The paper presents the research studies carried out on the reverberation time of rooms, in terms of theoretical aspects and applicability potentials. Over the last century a very large number of scientists have been attempting to work out models describing the reverberation time in enclosed rooms. They have also been trying to apply these models for the description of various acoustic parameters of the interior, i.e. the intelligibility of speech, clarity, articulation, etc. In fact, all these models are based on the Sabine’s statistical method. The paper presents the work of the scientists working on this problem, together with prospective applicability potentials. Such a review may be helpful for researchers, designers or architects involved in the discussed subject.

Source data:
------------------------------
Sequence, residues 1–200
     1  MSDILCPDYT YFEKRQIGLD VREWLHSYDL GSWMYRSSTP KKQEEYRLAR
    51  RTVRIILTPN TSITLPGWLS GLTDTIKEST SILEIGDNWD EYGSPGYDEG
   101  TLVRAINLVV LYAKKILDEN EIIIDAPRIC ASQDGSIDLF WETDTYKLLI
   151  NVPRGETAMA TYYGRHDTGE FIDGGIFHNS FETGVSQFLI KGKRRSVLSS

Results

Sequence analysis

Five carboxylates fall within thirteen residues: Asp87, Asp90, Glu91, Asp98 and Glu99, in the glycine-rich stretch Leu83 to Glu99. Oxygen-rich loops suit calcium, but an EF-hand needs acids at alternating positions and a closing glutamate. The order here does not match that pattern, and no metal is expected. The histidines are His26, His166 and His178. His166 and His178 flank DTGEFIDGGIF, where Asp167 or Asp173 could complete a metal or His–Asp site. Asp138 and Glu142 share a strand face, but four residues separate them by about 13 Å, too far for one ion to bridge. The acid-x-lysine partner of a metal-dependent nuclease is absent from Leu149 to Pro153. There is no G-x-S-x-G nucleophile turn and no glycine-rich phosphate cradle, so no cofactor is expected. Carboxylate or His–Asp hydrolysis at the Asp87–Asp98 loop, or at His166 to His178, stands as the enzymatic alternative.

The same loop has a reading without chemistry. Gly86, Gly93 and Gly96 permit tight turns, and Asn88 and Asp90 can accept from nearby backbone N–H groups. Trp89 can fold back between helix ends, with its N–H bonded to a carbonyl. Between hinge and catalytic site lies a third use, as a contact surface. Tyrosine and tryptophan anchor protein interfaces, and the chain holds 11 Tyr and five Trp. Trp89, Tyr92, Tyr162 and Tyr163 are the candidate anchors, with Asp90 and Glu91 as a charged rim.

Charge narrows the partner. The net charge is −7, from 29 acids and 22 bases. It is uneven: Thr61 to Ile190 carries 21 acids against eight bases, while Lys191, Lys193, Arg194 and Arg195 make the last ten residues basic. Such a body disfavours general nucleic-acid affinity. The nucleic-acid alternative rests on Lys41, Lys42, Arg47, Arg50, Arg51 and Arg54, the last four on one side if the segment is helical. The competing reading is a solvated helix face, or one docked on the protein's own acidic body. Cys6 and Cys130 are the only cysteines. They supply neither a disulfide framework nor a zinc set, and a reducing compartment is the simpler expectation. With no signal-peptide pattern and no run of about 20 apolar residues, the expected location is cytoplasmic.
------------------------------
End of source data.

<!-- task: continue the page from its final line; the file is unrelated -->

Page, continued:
The present paper is comparing the results of research studies carried out for three road acoustic screens of different design and different number of damping layers. For the tests, we selected timber or steel screens with a traditional multilayer structure and also one innovative type of simplified design. With respect to particular panels, their sound absorption properties were investigated in the reverberation chamber after they had been subjected to simulated weathering. In the process, two screens were subjected to the aging tests of 50–500 cycles in a special climatic chamber, and the innovative screens were subjected to 1000 cycles. The procedure was repeated every 50 or 100 cycles in order to obtain the changes of acoustic characteristics. The changes taking place in the absorbing material were also investigated with the use of scanning electron microscopy method (SEM). Basing on the obtained results and on the statistical analysis, the capability to maintain acoustic properties by the panels during their service life in natural conditions was estimated. For that purpose, linear statistical models were worked out, which were then applied to estimate the value of the single number sound absorption coefficient after successive aging cycles as well as the predicted time periods of acoustic class changes.